Film Review – ‘Sholem Aleichem: Laughing in the Darkness’

| August 18, 2011 3:30 PM
A scene from a 2008 production of "Fiddler on the Roof," the play which grew out of Sholem Aleichem's Yiddish tales. Photo Courtesy of Thwaites Theater.
'Sholem Aleichem: Laughing in the Darkness'
Now Playing: Lincoln Plaza Cinemas & Quad Cinemas in Manhattan, Kew Garden Cinemas in Brooklyn.

No Jew interested in the traditions of his/her faith should miss this delightful, absorbing and informative documentary about the life of Sholem Aleichem, born Solomon Rabinovich.  The story of his time spent in Russia and New York City is told by Jewish scholars and his granddaughter, Bel Kaufman, accompanied by photographs.

Sholem was born in the Pale of Russia, the section between the Baltic Coast and Black Sea in which Jews were permitted to live under the Czar in the 19th century. Jews were not permitted to own land, were limited in their business opportunities, and lived in small, Jewish- concentrated villages called shtetls. There was a constant fear of pogroms, antisemitic riots, often instigated by the Czar when a government failure arose.  It was easy to blame and punish the Jews by having their Russian neighbors and Cossacks rape and murder.

When Sholem Aleichem began writing, only in Yiddish, his works sparkled with wisdom and joy.  The most famous of his characters was the dairyman Tevye, who became the subject of the musical “Fiddler on the Roof,”  written by Joseph Stein and directed by Norman Jewison.  The score was by Sheldon Harnick and Jerry Bock.

In Aleichem’s original story, Tevye’s daughter becomes romantically involved with a gentile, against her families wishes.  At the last minute, she decides not to marry outside her faith and returns to her father’s house.  However, in the musical, Tevye gives his daughter his blessing and off she goes to America.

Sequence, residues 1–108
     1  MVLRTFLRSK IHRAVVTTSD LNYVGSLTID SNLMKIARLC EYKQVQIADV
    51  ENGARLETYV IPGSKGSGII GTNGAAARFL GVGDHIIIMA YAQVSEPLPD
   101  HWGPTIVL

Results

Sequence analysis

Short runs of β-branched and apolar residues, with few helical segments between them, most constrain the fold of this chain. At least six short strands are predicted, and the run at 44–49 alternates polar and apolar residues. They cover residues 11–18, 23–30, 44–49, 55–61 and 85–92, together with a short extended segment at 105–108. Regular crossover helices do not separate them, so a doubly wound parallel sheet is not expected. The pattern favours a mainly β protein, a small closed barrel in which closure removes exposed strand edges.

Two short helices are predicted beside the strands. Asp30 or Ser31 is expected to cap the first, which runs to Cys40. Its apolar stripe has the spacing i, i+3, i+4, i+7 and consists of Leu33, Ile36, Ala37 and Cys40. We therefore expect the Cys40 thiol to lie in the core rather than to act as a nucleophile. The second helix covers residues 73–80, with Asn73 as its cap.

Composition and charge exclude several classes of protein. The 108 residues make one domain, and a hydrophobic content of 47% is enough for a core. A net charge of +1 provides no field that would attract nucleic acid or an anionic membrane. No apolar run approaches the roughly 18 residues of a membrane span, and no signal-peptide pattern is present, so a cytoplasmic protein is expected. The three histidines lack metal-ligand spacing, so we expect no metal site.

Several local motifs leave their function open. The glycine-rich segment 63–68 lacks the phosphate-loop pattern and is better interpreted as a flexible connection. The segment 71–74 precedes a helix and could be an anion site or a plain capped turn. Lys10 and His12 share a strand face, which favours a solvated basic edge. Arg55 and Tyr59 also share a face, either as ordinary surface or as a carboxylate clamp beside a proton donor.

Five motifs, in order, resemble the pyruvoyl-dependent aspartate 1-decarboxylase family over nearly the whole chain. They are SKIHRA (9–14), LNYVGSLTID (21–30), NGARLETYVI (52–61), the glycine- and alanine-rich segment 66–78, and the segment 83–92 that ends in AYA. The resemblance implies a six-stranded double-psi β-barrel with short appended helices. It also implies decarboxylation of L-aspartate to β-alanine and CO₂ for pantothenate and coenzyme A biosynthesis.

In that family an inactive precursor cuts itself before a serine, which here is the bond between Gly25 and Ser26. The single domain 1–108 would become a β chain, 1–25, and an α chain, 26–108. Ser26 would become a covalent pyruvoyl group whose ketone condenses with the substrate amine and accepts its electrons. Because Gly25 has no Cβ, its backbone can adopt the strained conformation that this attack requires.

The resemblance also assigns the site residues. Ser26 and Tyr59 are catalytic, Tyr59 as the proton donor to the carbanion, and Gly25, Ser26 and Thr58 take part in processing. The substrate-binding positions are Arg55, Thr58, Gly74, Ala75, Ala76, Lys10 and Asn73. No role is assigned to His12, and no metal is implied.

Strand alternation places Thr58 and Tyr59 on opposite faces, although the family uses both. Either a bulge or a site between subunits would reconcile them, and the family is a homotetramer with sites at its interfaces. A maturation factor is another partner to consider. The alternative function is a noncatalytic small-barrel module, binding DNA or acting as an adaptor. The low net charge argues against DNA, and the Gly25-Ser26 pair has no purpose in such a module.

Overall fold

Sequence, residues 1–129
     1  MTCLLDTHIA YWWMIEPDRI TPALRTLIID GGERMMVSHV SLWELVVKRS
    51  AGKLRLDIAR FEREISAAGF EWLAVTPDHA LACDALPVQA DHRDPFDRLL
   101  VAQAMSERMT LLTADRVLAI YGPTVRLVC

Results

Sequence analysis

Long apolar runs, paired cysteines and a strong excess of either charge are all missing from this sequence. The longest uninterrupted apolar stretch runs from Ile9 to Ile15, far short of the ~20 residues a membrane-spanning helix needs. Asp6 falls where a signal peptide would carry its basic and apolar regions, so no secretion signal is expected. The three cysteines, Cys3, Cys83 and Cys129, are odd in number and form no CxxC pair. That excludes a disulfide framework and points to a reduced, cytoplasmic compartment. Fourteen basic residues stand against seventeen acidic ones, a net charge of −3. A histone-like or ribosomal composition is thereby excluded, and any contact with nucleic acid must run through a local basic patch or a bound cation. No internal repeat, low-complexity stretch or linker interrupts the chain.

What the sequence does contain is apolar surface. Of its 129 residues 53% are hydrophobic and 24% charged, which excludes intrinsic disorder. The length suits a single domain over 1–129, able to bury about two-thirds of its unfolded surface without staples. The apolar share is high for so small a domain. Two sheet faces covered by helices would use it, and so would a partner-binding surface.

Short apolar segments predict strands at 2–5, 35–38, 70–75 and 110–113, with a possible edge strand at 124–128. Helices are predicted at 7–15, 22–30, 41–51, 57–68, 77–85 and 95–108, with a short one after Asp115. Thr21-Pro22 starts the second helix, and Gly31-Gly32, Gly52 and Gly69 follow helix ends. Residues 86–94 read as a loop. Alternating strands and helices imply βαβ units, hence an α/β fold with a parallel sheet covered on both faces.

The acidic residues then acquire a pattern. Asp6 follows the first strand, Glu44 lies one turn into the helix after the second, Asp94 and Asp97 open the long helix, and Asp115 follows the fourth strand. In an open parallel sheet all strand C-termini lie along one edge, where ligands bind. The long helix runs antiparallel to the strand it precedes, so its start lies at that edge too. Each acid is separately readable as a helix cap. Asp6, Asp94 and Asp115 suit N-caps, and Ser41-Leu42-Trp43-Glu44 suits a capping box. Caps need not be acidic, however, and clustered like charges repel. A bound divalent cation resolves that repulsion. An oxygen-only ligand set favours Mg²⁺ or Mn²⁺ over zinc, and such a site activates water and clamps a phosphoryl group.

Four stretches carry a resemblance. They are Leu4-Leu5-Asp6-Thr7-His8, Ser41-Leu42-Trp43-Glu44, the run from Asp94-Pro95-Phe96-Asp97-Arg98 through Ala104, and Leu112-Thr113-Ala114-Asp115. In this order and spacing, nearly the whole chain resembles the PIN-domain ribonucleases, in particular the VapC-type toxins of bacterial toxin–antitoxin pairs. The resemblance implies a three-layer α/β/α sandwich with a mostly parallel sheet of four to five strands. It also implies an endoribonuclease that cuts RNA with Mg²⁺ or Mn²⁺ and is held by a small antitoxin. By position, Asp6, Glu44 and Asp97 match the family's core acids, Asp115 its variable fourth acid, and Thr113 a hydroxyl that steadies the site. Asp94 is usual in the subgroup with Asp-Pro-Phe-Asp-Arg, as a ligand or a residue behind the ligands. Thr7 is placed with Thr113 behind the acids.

Bel Kaufman, granddaughter of Sholem Aleichem, used her grandfather as inspiration for a class she taught on Yiddish humor this spring. MetroFocus/Bijan Rezvani

Sholem Aleichem also left for America, settling in the Bronx, where he was first lionized and then denounced. Two of his Yiddish plays, which premiered simultaneously at the Yiddish Theatre, were deemed flops. At the time, many Jews had fled the shtetls for American freedom and no longer wanted to identify with the constricted lives of Jews back in Eastern Europe.

While Aleichem was not a literary success in this country during his lifetime, over tens of thousands of people mourned his death in 1916, realizing that they had a Prince of Israel in their midst. Like Lincoln, FDR and John F. Kennedy, who were transported by train either from Washington D.C. to their home states or to DC for burial, Aleichem’s casket visited major Jewish communities in the city for fans to view and mourn.

Edward Irving Koch served three terms as the mayor of New York City, from 1978 to 1989. From 1969 to 1977, he was part of the New York delegation to the United States House of Representatives. Prior to that, he served two years as a member of the New York City Council.  Koch remains active in politics, including as a political commentator, and writes film reviews for “Mayor at the Movies.”


  • Corinne Ackerman

    Dear Ed Koch:
    Thank you for reminding me to be proud that I’m Jewish (as I was brought up to be). I don’t observe much, but deep in my heart, I am connected–and grateful.

  • Joyce West

    I feel the same way…thank you, Corinne, from expressing what I feel about my Jewishness.

  • Jack Bajot (Isaak Bajowicz)

    So do I…, I am 83, live in Florida with Betty, my wife.
    In 1942 in France, my Grandmother Sulka Bajowicz, (we were in a forced residence) shortly before deportation of my family, told me the rest of her story, her youth, the last of the 3 shtetls.. Ziezmarrai (Zhizmori), pale region in Lithuania, she was in and I wrote it my diary

  • Geraldine Gelber


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